At the moment, there isn’t much of a favorite for the tournament, as the majority of Europe’s elite nations all have seriously talented teams.
France, England, Germany, Portugal, Spain and Belgium all have a chance to win glory next summer, while Holland, Italy, Croatia, Switzerland and a few more nations will be called “black horses”.
It’s going to be one hell of a tournament and with the international break coming to an end this week, we thought we’d find a way to rank the best on the continent ahead of next summer’s showpiece.
We have therefore selected the nine best teams in Europe according to the official FIFA rankings and ranked them according to the quality of their squad.
To make things as fair as possible, we picked what we believe to be the best XI from each country and then selected only one replacement player for each position. Enjoy!
9. CroatiaThe Croatian team still depends on the members of the “old guard”, namely Luka Modric, Ivan Perisic and Dejan Lovren.
There are new faces in the form of Mislav Orsic, Josip Brekalo and Duje Caleta-Car, but the Vatreni have regressed a bit since arriving in the World Cup final in 2018.
It’s still not a team you’d like to draw in a major tournament, however, and in Andrej Kramaric, Croatia have one of the deadliest goalscorers in world football.
The Italian team does not have an X factor at the moment. Old warhorses Leonardo Bonucci and Giorgio Chiellini still hang around, but there’s just a glaring lack of superstar quality.
The likes of Manuel Locatelli, Stefano Sensi, Sandro Tonali, Nicola Barella, Federico Chiesa and Nicolo Zaniolo are all very promising talents, but the current squad are not the ones that create fear in an opponent’s stomach – for the time being.
However, in three or four years, this group of Italians has the potential to bring the country back to the highest echelons of international football.
Virgil van Dijk, Frenkie de Jong, Matthijs de Ligt and Memphis Depay represent an exciting core of world-class talent within the Dutch national team.
However, there just doesn’t seem to be enough reserve to qualify La Oranje as one of the best in Europe at the moment.
But like the Italian team, there is serious potential here and this Dutch team can always mix it with the best – as they proved by beating Germany 4-2 in September 2019.
Belgium still have a good number of world class players with Kevin De Bruyne, Eden Hazard, Romelu Lukaku, Thibaut Courtois and Dries Mertens.
But their team does not possess the same level of threat as during the peak years of the legendary “Golden Generation” of the Red Devils, especially in defense.
Jan Vertonghen and Toby Alderweireld have far surpassed their best, while the lack of quality left-back / left-back is still a noticeable issue in Roberto Martinez’s squad.
La Roja’s current squad and anyone named in the future will always be pale in comparison to the iconic set of players who dominated international football from 2008-2012.
But it’s still a very talented group. The world-class experience of Sergio Ramos, Jordi Alba, Sergio Busquets and Thiago Alcantara is perfectly complemented by the youthful exuberance of Ansu Fati, Ferran Torres, Adama Traoré and more.Cancel Spain at your own risk.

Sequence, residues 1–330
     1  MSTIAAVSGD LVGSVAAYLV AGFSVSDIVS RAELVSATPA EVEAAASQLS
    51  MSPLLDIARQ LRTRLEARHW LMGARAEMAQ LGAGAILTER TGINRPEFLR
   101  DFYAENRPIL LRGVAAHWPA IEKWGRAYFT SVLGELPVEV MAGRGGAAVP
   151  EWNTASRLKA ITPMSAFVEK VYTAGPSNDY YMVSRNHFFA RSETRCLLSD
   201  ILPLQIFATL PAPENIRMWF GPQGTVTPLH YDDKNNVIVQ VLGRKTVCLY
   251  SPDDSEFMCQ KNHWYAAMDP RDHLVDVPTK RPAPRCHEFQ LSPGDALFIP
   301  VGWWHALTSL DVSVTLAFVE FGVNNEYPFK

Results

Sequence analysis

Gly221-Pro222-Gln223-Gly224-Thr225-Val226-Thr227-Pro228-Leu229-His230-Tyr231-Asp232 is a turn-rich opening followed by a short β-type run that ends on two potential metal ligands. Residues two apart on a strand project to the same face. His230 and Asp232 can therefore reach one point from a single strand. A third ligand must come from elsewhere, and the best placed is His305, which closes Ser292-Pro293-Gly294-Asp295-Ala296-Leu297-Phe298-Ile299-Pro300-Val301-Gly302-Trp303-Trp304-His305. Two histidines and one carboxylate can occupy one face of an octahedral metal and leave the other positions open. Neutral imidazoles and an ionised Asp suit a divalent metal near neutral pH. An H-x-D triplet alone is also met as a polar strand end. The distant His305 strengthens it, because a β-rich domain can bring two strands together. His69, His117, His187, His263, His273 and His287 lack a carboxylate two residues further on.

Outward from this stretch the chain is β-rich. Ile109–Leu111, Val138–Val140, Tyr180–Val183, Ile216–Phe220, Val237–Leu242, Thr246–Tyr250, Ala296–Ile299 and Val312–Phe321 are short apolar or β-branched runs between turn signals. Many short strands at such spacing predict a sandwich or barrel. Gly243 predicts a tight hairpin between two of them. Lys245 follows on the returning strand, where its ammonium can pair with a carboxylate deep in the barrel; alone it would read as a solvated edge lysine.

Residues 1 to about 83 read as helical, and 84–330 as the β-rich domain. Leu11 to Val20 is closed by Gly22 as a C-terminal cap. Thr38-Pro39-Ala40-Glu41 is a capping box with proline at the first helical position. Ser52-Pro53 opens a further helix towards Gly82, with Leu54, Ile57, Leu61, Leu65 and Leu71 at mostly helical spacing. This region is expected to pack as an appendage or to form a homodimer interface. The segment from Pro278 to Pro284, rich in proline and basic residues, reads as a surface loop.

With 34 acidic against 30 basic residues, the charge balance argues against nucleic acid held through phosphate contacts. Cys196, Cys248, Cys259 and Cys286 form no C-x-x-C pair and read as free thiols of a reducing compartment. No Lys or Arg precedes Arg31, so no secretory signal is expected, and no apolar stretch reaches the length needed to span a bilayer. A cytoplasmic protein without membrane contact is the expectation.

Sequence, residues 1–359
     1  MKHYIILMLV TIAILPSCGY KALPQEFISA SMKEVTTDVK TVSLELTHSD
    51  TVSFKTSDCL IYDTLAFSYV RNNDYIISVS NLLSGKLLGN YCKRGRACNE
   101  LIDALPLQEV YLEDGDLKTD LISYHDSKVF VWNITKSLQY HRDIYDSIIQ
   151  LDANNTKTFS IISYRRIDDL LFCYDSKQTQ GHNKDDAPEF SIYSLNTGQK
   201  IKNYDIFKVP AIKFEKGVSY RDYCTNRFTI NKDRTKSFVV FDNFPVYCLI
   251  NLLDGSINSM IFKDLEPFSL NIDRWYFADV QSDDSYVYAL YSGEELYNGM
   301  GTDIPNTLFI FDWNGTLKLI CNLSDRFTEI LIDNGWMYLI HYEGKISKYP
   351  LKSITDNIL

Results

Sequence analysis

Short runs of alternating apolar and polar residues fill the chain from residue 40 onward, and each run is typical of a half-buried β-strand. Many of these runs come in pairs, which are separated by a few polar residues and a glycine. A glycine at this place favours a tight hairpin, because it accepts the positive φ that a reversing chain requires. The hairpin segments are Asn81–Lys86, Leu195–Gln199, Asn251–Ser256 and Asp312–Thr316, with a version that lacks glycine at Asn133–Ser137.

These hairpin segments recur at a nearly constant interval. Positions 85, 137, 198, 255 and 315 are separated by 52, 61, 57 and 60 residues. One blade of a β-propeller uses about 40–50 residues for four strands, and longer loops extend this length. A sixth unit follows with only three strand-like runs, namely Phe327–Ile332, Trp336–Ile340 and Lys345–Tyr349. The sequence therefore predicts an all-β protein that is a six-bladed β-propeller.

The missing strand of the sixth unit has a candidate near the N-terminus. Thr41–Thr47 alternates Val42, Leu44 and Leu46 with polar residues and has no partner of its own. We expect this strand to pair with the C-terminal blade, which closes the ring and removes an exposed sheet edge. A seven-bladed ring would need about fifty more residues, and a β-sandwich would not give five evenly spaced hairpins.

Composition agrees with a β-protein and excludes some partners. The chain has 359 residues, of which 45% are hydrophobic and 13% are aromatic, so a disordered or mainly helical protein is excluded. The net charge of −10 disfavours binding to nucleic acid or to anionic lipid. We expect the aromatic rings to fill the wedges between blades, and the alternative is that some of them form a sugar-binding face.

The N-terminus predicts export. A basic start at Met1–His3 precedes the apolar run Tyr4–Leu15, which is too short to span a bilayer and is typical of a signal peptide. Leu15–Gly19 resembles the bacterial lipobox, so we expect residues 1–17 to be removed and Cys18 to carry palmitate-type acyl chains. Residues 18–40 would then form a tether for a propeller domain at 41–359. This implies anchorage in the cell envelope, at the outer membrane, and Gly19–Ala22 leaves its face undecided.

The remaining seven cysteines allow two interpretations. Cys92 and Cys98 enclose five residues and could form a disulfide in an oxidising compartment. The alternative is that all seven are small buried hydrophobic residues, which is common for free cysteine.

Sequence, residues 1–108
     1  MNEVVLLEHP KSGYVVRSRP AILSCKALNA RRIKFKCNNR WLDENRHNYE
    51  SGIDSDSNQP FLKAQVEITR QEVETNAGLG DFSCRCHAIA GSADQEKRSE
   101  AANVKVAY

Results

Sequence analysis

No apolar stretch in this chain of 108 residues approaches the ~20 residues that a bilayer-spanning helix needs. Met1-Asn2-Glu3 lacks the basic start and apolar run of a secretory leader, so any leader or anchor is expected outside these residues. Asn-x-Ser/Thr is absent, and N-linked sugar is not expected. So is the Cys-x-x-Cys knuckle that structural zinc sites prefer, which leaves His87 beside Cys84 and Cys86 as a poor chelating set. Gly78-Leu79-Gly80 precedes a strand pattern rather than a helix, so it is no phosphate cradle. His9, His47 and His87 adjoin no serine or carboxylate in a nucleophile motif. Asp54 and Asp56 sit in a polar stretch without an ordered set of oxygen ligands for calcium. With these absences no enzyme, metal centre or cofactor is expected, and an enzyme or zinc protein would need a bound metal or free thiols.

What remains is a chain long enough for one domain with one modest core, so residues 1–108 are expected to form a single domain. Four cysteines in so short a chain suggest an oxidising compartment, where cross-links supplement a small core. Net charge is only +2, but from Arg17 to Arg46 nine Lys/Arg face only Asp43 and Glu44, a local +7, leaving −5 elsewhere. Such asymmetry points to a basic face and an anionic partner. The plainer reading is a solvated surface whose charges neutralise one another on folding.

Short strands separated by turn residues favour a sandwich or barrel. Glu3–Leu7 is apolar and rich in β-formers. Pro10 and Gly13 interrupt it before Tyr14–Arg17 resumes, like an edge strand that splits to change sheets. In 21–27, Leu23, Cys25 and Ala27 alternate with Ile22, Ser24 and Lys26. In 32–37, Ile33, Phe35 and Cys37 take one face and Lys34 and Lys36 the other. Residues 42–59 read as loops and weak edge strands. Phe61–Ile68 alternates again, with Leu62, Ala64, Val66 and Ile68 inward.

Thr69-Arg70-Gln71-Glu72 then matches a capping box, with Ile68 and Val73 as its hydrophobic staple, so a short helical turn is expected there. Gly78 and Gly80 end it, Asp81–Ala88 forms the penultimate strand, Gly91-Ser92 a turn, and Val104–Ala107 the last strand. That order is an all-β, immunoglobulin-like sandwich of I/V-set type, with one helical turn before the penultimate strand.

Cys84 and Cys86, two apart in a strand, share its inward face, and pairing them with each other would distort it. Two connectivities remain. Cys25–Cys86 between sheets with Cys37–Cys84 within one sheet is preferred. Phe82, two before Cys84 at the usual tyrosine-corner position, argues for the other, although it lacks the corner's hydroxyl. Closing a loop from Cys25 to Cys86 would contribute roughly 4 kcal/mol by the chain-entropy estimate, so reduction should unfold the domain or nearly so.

The England squad are loaded with quality right now and with Harry Kane, Raheem Sterling, Jadon Sancho and Marcus Rashford, the Three Lions have arguably the most formidable selection of attackers on the international stage.
But the defensive options available to Gareth Southgate are a bit of concern at the moment, especially at left-back.
Ben Chilwell is the only quality option that fits naturally into the role, with Kieran Trippier having to fill in on the left against Belgium in the absence of the Chelsea man.
But overall, they’re probably the most exciting Three Lions squad in over a decade, especially if Jack Grealish is given a regular starting spot ahead of Euro 2021.
Die Mannschaft are struggling to win games under Joachim Low at the moment, but the depth of their squad is immense – at least on paper.
Germany are fortunate enough to be spoiled for wealth in all three attacking roles, while a midfield duo of Toni Kroos and Joshua Kimmich – with Leon Goretzka as cover – are roughly as good as it gets.
The only reason the 2014 World Cup winners don’t quite make the top two is due to their defense, which is still a work in progress in the absence of Mats Hummels and Jerome Boateng.
However, there is still enough quality and potential deep in the back line and in Manuel Neuer they probably have the best goalkeeper in the world.
The French squad look as beautiful as ever and they’ve actually added to their depth since winning the 2018 World Cup.
Houssem Aouar, Ferland Mendy, Eduardo Camavinga, Anthony Martial, Dayot Upamecano and Clément Lenglet are now part of Didier Deschamps’ senior team.
The perfect marriage of a World Cup winning experience and up-and-coming young superstars, the Blues’ quality treadmill is simply breathtaking.
But they just miss the first place …
Omitting France from the top spot was a tough choice to make, but we just can’t get past the plethora of all-star qualities currently available for Portugal manager Fernando Santos.
Eight stellar options for the four attacking roles – including irrepressible Cristiano Ronaldo – backed by a powerful midfielder who also possesses impressive depth? Not bad that.
The Portuguese defense is also stacked these days, Nelson Semedo, Joao Cancelo, Ricardo Pereira and Raphael Guerreiro are all revered as some of the best full-backs in the world.
Then you have the experienced Pepe, in the street, paired with the Rolls-Royce who is Ruben Dias in central defense. A Selecao team doesn’t have a single weakness at the moment.
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